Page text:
Over spring break my wife and I were in Paris when the world learned of the wreckage of the Germanwings flight. Being in France brought the event closer and made the heartbreaking news even more dramatic. Europe can sometimes seem to be a small continent and it grew even smaller as we learned that there were victims from 16 countries, with the largest number of fatalities from Germany.
Especially affecting was the news that among the passengers was a group of students under the care of two teachers from the Joseph-Koenig Gymnasium, a high school in Haltern, Germany. We do not yet know the names of the students and teachers but we see pictures of their town and their school, and it feels very familiar. As we mourn the loss of all the passengers and struggle to understand what prompted the actions of the co-pilot, my thoughts are with those two German teachers.
Over this spring break Berkeley Carroll had 62 middle and upper school students traveling on four different trips to Costa Rica, Spain, India and Florida under the care and supervision of 13 teachers and administrators.
None of us come into the teaching profession fully knowing what will be expected of us. Along with the teaching comes the equally necessary but sometimes mundane tasks of lunch duty, monitoring study halls and, more and more, the demanding job of supervising trips. Our emphasis on global education has meant that we have changed the courses in our school and a large component of the curricular revision is the commitment to get our students out into the world.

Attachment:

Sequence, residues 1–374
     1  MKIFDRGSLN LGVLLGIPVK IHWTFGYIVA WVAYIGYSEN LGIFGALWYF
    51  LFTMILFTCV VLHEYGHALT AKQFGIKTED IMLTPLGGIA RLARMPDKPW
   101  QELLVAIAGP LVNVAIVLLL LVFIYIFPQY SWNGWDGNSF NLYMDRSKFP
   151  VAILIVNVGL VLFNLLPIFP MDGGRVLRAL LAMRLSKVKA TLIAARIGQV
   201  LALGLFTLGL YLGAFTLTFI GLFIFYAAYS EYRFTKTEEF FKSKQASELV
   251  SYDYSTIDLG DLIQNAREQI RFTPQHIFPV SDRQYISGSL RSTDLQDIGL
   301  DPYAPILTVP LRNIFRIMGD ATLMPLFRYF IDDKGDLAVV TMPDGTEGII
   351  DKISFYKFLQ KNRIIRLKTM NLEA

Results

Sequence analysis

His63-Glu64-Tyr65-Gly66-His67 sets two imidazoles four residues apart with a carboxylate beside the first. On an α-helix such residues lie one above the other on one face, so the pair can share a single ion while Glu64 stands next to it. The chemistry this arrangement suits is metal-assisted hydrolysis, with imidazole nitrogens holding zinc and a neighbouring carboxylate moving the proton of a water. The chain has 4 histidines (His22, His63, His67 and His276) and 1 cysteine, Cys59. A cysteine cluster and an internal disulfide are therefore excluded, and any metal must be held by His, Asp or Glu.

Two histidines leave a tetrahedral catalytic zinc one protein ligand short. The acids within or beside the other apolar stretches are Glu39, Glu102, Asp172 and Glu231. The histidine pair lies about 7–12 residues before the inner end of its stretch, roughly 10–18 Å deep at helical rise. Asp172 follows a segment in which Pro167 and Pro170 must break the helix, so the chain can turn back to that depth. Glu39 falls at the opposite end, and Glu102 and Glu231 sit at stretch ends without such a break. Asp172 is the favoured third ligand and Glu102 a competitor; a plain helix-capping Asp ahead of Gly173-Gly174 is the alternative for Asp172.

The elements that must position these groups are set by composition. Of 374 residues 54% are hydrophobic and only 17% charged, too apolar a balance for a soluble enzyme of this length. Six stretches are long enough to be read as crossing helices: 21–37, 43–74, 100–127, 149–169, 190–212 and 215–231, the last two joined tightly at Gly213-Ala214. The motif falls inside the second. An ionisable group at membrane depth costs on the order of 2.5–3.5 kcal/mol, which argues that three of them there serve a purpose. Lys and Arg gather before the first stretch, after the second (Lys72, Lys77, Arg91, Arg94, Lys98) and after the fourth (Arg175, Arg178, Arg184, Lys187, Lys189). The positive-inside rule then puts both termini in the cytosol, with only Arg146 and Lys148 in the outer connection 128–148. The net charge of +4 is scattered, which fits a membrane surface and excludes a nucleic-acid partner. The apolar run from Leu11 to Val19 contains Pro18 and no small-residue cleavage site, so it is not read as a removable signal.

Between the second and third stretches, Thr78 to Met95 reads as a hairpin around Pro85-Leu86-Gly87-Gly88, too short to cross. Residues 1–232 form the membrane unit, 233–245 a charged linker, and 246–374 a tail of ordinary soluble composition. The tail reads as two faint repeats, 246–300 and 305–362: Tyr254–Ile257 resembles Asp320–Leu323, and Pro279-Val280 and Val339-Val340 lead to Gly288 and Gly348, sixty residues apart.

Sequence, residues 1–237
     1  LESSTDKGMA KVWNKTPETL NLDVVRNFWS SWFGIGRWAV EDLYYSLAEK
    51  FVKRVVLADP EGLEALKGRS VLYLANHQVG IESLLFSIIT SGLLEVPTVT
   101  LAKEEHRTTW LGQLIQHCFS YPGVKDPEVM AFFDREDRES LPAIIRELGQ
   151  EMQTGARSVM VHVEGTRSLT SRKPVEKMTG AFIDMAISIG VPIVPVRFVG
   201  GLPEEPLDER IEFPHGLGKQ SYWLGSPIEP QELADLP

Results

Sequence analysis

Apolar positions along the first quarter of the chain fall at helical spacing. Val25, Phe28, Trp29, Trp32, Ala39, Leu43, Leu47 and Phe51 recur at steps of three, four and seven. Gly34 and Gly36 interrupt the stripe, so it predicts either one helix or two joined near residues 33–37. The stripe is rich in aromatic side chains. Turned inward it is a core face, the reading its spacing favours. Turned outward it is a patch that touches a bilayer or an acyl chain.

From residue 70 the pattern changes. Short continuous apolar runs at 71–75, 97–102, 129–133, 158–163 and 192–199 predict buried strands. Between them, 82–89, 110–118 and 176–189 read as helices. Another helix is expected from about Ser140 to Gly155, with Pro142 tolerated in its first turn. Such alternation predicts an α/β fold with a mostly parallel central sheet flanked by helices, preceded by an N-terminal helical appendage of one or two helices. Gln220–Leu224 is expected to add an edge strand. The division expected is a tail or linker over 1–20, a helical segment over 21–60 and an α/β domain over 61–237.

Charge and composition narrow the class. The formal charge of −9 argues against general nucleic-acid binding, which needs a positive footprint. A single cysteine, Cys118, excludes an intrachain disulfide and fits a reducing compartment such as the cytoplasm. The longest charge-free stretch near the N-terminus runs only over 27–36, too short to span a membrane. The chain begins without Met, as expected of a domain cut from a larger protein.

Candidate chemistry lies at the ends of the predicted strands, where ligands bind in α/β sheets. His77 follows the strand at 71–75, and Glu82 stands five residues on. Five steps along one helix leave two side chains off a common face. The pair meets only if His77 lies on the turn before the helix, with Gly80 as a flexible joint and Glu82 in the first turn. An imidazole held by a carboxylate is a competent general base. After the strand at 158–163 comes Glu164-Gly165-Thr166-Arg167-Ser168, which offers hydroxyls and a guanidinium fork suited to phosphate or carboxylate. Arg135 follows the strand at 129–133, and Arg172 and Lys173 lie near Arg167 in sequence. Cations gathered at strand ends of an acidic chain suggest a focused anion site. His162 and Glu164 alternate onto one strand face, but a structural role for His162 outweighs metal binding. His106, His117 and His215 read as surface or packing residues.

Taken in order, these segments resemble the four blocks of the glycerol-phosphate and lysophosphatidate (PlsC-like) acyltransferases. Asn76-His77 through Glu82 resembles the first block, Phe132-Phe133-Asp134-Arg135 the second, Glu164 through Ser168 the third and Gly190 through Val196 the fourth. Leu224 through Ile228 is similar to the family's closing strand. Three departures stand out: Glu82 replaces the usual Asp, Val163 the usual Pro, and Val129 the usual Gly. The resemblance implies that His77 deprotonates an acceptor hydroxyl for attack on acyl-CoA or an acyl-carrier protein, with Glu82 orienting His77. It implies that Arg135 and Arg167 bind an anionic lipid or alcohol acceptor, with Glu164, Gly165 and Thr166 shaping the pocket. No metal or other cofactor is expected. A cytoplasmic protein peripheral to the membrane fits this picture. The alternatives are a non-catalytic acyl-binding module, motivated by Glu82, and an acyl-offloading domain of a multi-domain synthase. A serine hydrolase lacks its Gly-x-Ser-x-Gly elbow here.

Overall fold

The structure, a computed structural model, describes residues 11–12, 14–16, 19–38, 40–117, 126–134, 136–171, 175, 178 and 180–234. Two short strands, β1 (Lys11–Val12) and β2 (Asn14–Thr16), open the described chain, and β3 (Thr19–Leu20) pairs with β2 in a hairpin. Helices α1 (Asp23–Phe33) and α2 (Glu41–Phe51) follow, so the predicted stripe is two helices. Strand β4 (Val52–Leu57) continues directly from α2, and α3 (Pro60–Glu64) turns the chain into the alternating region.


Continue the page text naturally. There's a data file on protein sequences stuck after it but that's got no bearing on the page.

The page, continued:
When taking students on trips, children and parents are placing a great deal of trust in the school and the teachers. Asking teachers to take students on trips puts them in the position to provide oversight, give guidance, return everyone home safely and, yes most importantly, teach the necessary lessons to lead students into new ways of thinking.
I am reminded of the special responsibility that we place on our teachers every time a grade, class, or team steps out of the building. We take students of all ages on buses and subways in pursuit of helping them develop a better sense of the world they live in. I know also that every time a group leaves our school we could not be providing these kinds of experiences without the dedication and bravery of our teachers.
Much of what we do in school is aimed at aiding our students in making sense of the world they inhabit and will inherit. We may never fully comprehend how and why this Germanwings tragedy occurred but we cannot stop trying to help our students understand the world they can impact and improve.
The sacrifice of two young German teachers again reminds me how grateful I am for the special breed of person courageous enough to be a teacher. And because of all the special responsibilities that come with being a teacher, we will keep our students safe and continue to stride out into the world.